What should Christians do when their government cannot protect them from terrorism? As the world’s first post-coronavirus coup shakes Mali, nearby Burkina Faso is experimenting with a controversial lesson in self-defense.
To gain perspective on Burkina Faso, CT interviewed Joanna Ilboudo, secretary-general for ACTS Burkina, a nonprofit Christian association dedicated to helping the nation’s widows and orphans without religious distinction. She in turn took the pulse of local Christian leaders and laity on behalf of CT.
Located in West Africa’s volatile Sahel region south of the Sahara Desert, the Colorado-sized Francophone country of 20 million had been home to one of the continent’s model nations for peaceful coexistence. Around 60 ethnic groups divide the population religiously into 61-percent Muslim, 19-percent Catholic, 4-percent Protestant, and 15-percent indigenous beliefs.
Muslims are located primarily in the north, east, and west border areas, with Christians located in the south and central areas. But schools are mixed and intermarriage is common, while 80 percent of the population works in farming.
Jihadist groups began attacking Burkina Faso in 2015, following the popular removal of a president in power for 27 years. The transitional government ended his policy of allowing terrorists to harass neighboring Mali from across the border.
Three jihadist groups proliferate, one affiliated with al-Qaeda, and have targeted grain fields and the educational system. But according to reports, only the Islamic State West Africa Province (ISWAP)—which has wreaked havoc in Nigeria—has specifically targeted Christian communities.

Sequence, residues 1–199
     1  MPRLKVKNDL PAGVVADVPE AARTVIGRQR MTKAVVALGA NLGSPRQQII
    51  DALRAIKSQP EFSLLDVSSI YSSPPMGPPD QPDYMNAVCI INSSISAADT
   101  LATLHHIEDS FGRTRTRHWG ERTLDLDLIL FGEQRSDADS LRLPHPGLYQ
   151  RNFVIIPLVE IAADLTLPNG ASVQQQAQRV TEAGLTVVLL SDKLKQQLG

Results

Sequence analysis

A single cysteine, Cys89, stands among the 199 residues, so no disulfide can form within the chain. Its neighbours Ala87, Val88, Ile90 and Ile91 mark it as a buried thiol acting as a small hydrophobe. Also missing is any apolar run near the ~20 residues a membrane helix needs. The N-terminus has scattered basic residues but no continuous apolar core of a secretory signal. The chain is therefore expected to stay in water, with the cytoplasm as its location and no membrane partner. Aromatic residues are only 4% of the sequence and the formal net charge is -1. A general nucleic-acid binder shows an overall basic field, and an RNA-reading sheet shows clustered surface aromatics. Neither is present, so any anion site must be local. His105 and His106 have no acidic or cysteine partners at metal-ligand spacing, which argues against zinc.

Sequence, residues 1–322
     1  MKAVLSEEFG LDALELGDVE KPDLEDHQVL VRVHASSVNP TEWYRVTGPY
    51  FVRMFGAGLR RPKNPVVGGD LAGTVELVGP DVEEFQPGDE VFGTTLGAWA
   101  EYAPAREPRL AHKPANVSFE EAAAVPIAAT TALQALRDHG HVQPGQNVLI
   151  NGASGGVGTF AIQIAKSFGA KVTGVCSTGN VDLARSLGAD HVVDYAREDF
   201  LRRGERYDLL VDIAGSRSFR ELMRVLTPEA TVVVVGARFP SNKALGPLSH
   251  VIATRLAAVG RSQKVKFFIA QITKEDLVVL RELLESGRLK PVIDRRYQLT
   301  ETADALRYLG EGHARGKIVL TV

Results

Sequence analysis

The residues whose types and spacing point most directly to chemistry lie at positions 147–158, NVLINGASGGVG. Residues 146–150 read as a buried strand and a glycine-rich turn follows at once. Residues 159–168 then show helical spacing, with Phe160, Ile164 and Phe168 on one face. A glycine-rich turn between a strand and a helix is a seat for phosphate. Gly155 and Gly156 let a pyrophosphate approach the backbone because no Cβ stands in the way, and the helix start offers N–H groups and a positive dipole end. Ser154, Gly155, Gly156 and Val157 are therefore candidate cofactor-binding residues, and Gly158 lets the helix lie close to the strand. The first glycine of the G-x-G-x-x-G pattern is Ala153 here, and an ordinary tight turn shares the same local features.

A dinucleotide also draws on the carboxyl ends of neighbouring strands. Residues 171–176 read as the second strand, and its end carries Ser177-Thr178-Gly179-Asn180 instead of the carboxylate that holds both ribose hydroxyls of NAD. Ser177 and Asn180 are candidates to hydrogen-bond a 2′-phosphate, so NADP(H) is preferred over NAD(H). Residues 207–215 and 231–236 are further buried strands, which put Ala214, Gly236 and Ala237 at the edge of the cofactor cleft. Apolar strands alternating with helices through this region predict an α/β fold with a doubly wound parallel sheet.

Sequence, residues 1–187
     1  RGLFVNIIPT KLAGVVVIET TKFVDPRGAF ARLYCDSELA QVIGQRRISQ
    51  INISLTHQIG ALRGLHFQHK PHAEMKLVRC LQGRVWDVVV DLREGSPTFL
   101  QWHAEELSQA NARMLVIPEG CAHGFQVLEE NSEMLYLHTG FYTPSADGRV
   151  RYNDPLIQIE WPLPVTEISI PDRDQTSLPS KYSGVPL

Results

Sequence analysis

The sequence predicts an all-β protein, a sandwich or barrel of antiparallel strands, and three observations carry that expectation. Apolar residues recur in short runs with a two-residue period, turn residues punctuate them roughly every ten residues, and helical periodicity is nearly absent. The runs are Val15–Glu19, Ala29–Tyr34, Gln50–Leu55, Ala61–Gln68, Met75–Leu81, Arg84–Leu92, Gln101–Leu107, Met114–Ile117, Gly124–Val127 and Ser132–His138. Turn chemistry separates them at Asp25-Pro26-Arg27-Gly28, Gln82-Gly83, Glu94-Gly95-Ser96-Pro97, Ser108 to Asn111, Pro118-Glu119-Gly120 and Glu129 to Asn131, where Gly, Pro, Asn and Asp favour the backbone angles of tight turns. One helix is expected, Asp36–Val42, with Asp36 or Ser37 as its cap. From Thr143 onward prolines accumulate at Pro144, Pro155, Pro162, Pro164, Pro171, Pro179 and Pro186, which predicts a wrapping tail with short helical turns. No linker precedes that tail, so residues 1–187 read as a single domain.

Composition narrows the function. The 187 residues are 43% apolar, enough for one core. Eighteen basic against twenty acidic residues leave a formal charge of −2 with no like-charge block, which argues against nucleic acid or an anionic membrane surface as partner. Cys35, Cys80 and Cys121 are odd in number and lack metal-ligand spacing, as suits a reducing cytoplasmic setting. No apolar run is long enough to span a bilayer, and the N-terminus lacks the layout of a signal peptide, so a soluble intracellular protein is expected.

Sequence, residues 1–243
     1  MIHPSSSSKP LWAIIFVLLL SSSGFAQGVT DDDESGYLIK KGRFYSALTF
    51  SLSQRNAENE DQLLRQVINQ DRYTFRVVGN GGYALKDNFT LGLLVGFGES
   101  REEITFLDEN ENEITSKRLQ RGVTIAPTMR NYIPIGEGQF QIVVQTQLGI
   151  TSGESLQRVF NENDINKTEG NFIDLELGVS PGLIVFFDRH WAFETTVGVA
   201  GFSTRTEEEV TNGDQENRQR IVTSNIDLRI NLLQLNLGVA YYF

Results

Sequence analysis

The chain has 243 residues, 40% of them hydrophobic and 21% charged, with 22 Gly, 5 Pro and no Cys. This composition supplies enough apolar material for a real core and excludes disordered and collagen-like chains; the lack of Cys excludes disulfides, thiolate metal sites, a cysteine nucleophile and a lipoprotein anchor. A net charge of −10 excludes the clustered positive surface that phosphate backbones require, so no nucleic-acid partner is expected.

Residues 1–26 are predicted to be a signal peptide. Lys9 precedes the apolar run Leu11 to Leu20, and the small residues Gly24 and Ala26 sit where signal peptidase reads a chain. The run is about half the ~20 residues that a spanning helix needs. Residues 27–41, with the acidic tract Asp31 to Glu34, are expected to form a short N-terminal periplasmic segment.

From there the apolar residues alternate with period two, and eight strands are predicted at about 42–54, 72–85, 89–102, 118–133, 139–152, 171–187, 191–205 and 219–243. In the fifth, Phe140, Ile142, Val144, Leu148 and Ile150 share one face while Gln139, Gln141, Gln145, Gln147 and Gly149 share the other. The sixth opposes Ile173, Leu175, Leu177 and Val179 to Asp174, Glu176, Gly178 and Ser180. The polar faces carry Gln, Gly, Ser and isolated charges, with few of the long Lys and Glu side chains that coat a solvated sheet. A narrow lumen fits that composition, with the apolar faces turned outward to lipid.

Ilboudo’s ministry, whose French acronym translates to “Christian Action, All for Solidarity,” is another means to help the ever-increasing victims.
To gather Christian perspective on the government’s militia initiative, she interviewed a well-known theologian teaching in the largest theological college in Burkina Faso; a member of the national Assemblies of God executive board; a lawyer working with international diplomats; and a social worker in the field of education. She also conducted five focus group conversations, one specifically of women and another of youth this past spring.
The Burkina Faso government has approved a plan to arm civilians to fight terrorist groups. Please explain the basics.
Following the approval of the National Assembly of Burkina Faso, the groups to be formed are called Volunteers for the Defense of the Fatherland. Their mission is to contribute, when necessary and requested by the army, to the defense and protection of populations in the villages.
The law specifies that individual volunteers must obtain the approval of the local population in general assembly. It requires their patriotism, loyalty, discipline, neutrality, integrity, and sacrifice, even unto death.
What are the hopes for results, and are they achievable?
Without volunteers, the people in the villages have been taken by surprise by terrorists and unable to defend themselves. Now they are training…
This article was originally published at Christianity Today, on September 30, 2020. Please click here to read the full text.